Posted by Sabretooth ·
This album has been a dream of mine since day one. From meeting Damian on the train which turned out to be a complete coincidence, to auditioning for the band, to finally playing our first show after about a year of practice & to be sitting here writing this blog about my experiences recording our first album – It’s something that’s very difficult to put into words – I remember the day that I was called in for my audition. In walked this guy who looked like a cross between Conan the Barbarian & somebody that literally fell out of an 80’s music video – That was the first time I met Charlie. As for Nikolai, I remember him being this strange yet interesting looking fellow who permanently had a cigarette hanging out of his face. Damian? Well, he’s always been the same – He’s just Damian – Let’s just say a picture is worth a thousand words. Anyways – I couldn’t play their songs to save my life but sure knew that I wanted to join their band. These guys were totally ridiculous; I mean not only in their appearance but in the way they played their instruments. I was completely fascinated & blown away to say the least. We hadn’t met Mauri & Dean at that stage. I still get ragged to this day about my audition as back then I used only one finger to pluck my strings, still do – sometimes.
So what the hell has this got to do with my recording experience, you’re probably asking yourself? Well, If I think back now, this album has been there from day one – Charlie had it all planned, each instrument down to its’ finest detail, each member being handpicked. For me personally, I can’t describe the emotions experienced & captured in our recordings – It’s something that’ll hopefully come out in the finished product. You’ll have to listen to it for yourself.
I remember the day we decided to record a full length studio album. The boys and I were at the pub for few beers – idea’s were flying around the table & next thing I know, drums are recorded, rhythm guitars tracked and I get a call to come in to the studio to start recording bass. I’ll be straight with you. Having only recorded a few quick demos with previous bands, I was a little nervous, I mean, a hell of a lot more than a little nervous – I was super amped though.
The first order of business was to restring my bass with the right gauge string for the desired tone which would be song specific. This was tricky at first but through trial and error, we came across an awesome product: Rotosounds’ Billy Shehan pro-model, kindly supplied by Paul Bothner’s, once again, Thank you guys; we really appreciate your support.
There are two reasons for my choice of strings:
The first is that the standard ‘A’ & ‘E’ (top two strings) are considerably thicker than your average set of bass strings. (Gauge 110 80 65 43)
These worked very well for me as we tune down a tone from the standard tuning to D standard. The idea behind this was to reduce any fret – buzz caused by my lower action & tuning. The standard ‘G’ & ‘D’ (two bottom strings) are considerably thinner than that of your average strings – allowing one to play those melodic runs with feel, whilst still retaining a consistent tone.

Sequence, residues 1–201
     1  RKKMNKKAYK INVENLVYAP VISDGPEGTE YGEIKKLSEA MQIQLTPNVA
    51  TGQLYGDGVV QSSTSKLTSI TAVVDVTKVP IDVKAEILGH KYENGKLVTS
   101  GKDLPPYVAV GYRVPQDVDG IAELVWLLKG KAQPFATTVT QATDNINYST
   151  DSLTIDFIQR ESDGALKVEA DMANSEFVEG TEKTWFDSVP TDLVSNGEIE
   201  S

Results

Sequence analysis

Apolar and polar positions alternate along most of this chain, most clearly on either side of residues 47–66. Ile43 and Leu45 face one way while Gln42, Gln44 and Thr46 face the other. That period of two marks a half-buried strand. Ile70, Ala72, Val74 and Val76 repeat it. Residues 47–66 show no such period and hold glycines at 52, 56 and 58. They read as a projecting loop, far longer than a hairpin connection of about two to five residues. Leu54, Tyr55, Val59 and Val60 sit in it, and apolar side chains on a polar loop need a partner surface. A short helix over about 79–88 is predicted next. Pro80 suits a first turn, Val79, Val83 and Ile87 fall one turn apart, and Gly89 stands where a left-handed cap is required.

The other reason is due to the fact that they are stainless steel. Having recorded with nickel strings I can honestly say that these stainless steel strings are the way to go if you’re looking for that super fat gritty growl. It all comes down to preference, but for me, if the bass tone has no balls, I may as well be playing a banjo.
In my opinion – tone is the absolute key to making any bass recording sound decent – it’s for this reason that we chose to change to a new pack of strings after every second songs recorded. For me, tone is that sound that catches the ear & demands the listeners’ full attention – I’ve learned that it requires as much attention as the bass playing itself. Once again, this was achieved by trial & error between gear & EQ. Dean & I worked on the bass tone for quite a while before actually tracking anything as each song required a different tone – some songs a few tones.
We would constantly experiment by alternating between playing with a pick & using fingers learning more about what sound the song required, as we went along. We would also use the toilet paper & sock methods in an effort to dampen the ringing of any unused strings. On this recording I ran a Sansamp preamp which enabled us to have full control over my tone at all times. This combination of preamp & Hartke 350 watt head with aluminium 4 by 10’s worked really well for us – We cranked the hell out of it – forcing me to only be able to record on weekends. At first we thought we’d be able to re-amp the bass but felt that we would be compromising the tone if we worked that way. It took a little longer having to mike up the amp for each bass session but we’re all about quality over quantity.
The atmosphere in the studio played a very important role as to how I would perform on a particular day – Luckily for me that was never a concern as I was constantly surrounded by friends, beer & Xbox. It was really nice having the boys in studio while I recorded – for reasons beyond an explanation. I honestly believe that this process has opened everybody’s eyes to each member’s contribution & has created a sense of mutual appreciation. There were times where I wanted to literally swing my bass & end the life of a certain ‘air-drummer’ who wouldn’t stop tapping out triplets with his feet…
…For fuck sakes Damian.
Anyways, these last few Saturdays have honestly been some of the funniest most memorable days of my life. I must thank Dean for his insane passion and commitment to this band; He is an amazing engineer & always finds a solution to a problem. To Damian, Charles, Nikolai, Dean and Mauri, you boys are incredible musicians – the best a bassist could ever dream of.
- Ryan Swanich
(Photo’s by Robin Bernstein)
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